Quantum mechanics is the branch of physics concerned with the behavior of things at atomic scales, where things work much differently from our daily world.
Quantization is one of the most direct signs of quantum mechanics. It leads to the discrete nature of physical characteristics at small scales, which could either be the atomic orbit’s radius or the molecular wire resistance. The most popular one, which won the Nobel Prize for Albert Einstein, is the photon energy quantization in the photoelectric effect-- the examination that many metals release electrons when illuminated with light.
Quantization takes place when a quantum particle is restricted within a tiny space. Its wave function forms a standing wave pattern, similar to the waves in a small puddle. Physicists then address about size quantization: the particle’s energy might only take those values where the standing wave’s nodal pattern matches the boundary of the system.
Quantized conductance is a remarkable result of size quantization, where the number of particles concurrently passing through a narrow passage called nanoconstriction, are discrete. The current within such a limitation is an integer multiple of the quantum of conductance.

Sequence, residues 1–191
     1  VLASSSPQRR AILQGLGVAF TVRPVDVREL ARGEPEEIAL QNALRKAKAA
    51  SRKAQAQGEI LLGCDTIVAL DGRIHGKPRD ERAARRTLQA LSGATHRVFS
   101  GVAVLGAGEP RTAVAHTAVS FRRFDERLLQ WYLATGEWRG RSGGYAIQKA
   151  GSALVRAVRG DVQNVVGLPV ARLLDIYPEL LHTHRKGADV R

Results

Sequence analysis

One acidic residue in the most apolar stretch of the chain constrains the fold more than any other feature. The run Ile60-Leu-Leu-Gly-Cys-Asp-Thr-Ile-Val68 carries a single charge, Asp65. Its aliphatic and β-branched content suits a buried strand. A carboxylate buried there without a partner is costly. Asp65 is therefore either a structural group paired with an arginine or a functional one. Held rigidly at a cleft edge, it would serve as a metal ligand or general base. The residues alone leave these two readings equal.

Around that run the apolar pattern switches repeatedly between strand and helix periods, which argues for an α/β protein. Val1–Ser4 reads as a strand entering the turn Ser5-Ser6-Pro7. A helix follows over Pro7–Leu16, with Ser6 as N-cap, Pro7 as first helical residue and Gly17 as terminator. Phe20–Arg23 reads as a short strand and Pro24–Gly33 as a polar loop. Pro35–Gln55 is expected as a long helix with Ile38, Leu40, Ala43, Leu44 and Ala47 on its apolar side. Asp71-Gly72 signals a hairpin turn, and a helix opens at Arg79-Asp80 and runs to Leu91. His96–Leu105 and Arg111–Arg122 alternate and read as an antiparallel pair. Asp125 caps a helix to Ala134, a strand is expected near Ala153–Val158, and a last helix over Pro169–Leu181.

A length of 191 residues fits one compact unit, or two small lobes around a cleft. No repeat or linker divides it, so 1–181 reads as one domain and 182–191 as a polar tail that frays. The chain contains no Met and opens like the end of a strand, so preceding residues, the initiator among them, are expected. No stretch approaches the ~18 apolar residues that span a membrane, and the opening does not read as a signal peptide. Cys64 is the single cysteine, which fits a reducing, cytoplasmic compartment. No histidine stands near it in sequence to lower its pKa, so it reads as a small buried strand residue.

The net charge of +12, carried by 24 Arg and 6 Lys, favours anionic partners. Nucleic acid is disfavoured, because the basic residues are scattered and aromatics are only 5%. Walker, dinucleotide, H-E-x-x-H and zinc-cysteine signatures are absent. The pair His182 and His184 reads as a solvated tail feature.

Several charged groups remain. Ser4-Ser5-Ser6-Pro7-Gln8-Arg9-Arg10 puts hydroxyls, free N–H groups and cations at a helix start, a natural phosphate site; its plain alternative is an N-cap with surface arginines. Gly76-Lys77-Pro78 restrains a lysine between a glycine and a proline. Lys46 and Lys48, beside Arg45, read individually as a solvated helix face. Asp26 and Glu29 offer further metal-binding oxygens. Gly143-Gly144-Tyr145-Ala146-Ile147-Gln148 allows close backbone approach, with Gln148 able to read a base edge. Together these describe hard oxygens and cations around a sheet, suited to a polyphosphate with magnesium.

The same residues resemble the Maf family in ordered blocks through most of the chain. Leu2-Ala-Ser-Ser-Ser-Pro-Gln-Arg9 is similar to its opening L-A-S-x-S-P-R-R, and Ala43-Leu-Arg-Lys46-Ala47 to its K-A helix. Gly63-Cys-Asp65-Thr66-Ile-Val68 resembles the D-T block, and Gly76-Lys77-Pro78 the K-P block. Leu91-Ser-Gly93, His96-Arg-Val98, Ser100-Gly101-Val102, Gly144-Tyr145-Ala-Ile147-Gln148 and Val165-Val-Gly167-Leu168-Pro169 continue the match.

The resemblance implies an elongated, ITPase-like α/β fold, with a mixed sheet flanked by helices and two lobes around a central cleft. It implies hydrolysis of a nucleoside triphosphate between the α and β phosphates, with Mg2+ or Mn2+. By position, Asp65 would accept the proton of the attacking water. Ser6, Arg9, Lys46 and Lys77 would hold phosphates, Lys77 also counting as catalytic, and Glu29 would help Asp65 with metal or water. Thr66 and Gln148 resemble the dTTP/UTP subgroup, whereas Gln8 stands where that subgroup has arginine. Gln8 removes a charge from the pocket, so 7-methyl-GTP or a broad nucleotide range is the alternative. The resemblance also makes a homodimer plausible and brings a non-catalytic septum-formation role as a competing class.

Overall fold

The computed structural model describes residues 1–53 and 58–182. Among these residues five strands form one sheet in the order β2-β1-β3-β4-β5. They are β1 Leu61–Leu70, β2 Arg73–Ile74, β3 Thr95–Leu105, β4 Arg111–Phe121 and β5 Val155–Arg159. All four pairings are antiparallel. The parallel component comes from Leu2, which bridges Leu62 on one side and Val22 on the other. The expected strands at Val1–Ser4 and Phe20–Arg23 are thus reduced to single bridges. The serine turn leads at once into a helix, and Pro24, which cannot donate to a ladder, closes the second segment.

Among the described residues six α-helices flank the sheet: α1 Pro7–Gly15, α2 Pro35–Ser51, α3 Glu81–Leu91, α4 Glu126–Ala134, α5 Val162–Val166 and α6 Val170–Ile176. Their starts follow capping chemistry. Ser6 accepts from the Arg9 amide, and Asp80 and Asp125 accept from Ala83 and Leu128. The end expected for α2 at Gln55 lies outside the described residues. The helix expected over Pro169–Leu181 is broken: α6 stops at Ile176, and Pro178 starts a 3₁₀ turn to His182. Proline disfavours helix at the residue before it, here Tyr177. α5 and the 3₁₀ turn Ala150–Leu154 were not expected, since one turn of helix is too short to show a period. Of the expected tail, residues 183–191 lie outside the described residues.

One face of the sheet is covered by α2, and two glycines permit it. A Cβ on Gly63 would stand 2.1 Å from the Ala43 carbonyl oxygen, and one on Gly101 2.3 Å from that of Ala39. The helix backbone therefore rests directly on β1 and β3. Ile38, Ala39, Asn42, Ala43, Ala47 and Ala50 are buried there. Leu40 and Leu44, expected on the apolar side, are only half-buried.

In the latest combined theoretical and experimental work, an international team of physicists proved size quantization of charge carriers, that is, quantized conductance in nanoscale graphene samples. These conclusions have been reported in an article titled "Size quantization of Dirac fermions in graphene constrictions" in Nature Communications.
Graphene is a high-quality material of a single atomic carbon layer. When implanted in hexagonal boron nitride, graphene reveals unusual physics because of the honey comb or hexagonal symmetry of its lattice, but until now, analyzing size quantization of charge carriers in the so-called graphene nanoconstrictions has been elusive because of the high sensitivity of the electron wave to disorder.
The scientists showed quantization effects at extremely low temperatures (liquid Helium), where the effect of thermal disorder stops. This novel method of encapsulating graphene constrictions among boron nitride layers permitted remarkably clean samples, and therefore highly precise measurements.
The quantified current displays clear indications of size quantization, closely obeying hypothetical predictions at zero magnetic field. To raise the magnetic field, these structures progressively develop into the Landau levels of the quantum Hall effect.
The high sensitivity of this transition to scattering at the constriction edges reveals indispensable details about the role of edge scattering in future graphene nanoelectronic devices.
Slava V. Rotkin, Professor of Physics and Materials Science & Engineering, Lehigh University